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Understanding Windows Server cluster quorum options

David Bermingham looks at ways to ensure that business critical information held within SQL Server deployments can be protected via cluster quorums, including looking at the role of various ‘witness’ options.

If you're deploying SQL Server, you are likely running business critical applications on it. You need to ensure it’s protected from downtime and data loss. You typically have one of two options for high availability protection: Always On Availability Groups (AOAG), which was introduced with SQL Server 2012 Enterprise Edition, or Always On Failover Cluster Instances (FCI), which has been long been a proven high availability solution that comes with SQL Server Standard and Enterprise Editions. In both of those solutions, the underlying infrastructure for availability relies on Windows Server failover clustering (WSFC). They both involve running SQL Server on a primary node and setting up one or more secondary nodes also running SQL Server. AOAG has built in replication to keep the data in sync between the nodes. FCI requires a shared storage device, or alternatively a software-based replication solution.

In the event of a failure on the primary node, the clustering software moves operations to one of the secondary nodes, where it can continue to operate with a minimum of downtime or data loss. Both Microsoft AOAG and FCI clustering options rely on a quorum to decide which node is going to come online in the case of a failover. The quorum prevents ‘split brain’ where two nodes think they should be active, which could cause data loss if not prevented.

A closer look at cluster quorums

In a cluster, each node gets one vote indicating it’s online. In the SQL Server cluster shown in figure one, each of the three nodes gets one vote. If you have a failure – suppose the primary node goes offline – then nodes two and three have two votes out of three, forming a majority node set. The quorum will then move SQL Server to either node two or three.

Figure one: Three node cluster.

But, what happens, if you have a two-node cluster like the one in figure two with only two votes? If the primary node (one) fails, then node two remains online with one vote. One out of two is a tie, so node two will not failover, the cluster will be offline, and your SQL Server is no longer in service. You need a witness node to break the tie. There are three types of witness nodes in a cluster: disk witness, file share witness and cloud witness.

Figure two: two node cluster.

The disk witness

In a shared storage cluster, you can use a small partition on the SAN disk as a disk witness to act as a vote as in figure three. If node one fails, node two and the SAN disk witness form a two-out-of-three majority, SQL Server will failover and operation will continue. Interestingly, a disk witness is not a single point of failure. If the witness fails, you still have two votes (nodes one and two) that represent a two out-of-three majority. It doesn’t matter if you lose the witness whether it's disk, file share or cloud witness because you still have a two out of three votes. Because nodes one and two are still healthy, SQL will keep working on node one without any failure or failover.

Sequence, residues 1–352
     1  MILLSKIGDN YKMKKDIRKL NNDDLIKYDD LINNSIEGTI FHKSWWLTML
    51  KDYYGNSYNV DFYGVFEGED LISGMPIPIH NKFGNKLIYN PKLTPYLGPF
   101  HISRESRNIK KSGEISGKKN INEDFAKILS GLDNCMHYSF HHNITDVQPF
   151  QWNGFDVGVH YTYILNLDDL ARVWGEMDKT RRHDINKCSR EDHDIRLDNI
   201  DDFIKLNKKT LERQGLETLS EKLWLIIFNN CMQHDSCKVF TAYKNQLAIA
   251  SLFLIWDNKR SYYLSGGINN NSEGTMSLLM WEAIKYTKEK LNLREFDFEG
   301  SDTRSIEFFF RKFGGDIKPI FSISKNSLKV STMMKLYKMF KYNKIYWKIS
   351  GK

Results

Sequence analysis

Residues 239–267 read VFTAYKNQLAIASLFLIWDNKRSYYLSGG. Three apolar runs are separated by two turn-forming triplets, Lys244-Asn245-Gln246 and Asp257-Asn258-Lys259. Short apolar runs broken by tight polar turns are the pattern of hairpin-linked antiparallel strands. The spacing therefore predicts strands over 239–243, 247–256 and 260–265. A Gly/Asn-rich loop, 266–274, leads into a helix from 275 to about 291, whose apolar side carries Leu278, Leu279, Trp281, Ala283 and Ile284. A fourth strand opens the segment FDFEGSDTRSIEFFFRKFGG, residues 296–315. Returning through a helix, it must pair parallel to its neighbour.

Figure three: Majority node set with disk witness.

The file share witness

Microsoft introduced the concept of a file share witness for systems that don’t use shared storage. The original use case was for Exchange Servers, but since then it has also been used for AOAG and SQL Server FCI that use SIOS DataKeeper to create SANless clusters. You can designate any other Windows server in your domain to act as a vote. You simply make a file share, and give the cluster read-write access to it, creating a simple file share that acts as a vote in your cluster. This is how to implement high availability for all availability groups or for SANless clusters. And like a disk witness, you can lose a file share witness, and the cluster will keep working.

Cloud witness

The Cloud Witness was introduced with Windows Server 2016. You can leverage the Microsoft Azure blob storage to act as a witness. You simply provision a storage account, and using the Failover Cluster Manager, configure a cloud witness which points to this storage account. Note that these two nodes need to access the public cloud to leverage a cloud witness. This option that gives you high availability without requiring a third server to act as a witness.

Easy, cost-effective disaster recovery

Cloud witnesses (figure four) enable you to configure multi-site clusters without requiring a third site to hold a disk witness as previously required. For example, suppose node one is in Chicago and node two in Dallas, previously you would need to configure a third site for your file share witness to ensure that the failure of a single site would only impact one of your quorum votes. To ensure automatic failover without a cloud witness, the file share witness had to be in a separate (potentially very costly) location for site-wide disaster recovery.

Figure four: cloud witness.

Cloud witnesses are also important in small offices or remote locations where you only have two physical servers. For example, if you have two servers running Hyper V and two virtual machines running on each server, and you want redundancy, but can’t afford a third server or a SAN. Instead, you can build a two-node cluster and use an Azure cloud witness for your cluster. This allows you to build a very cost effective two node cluster for your remote office or branch office.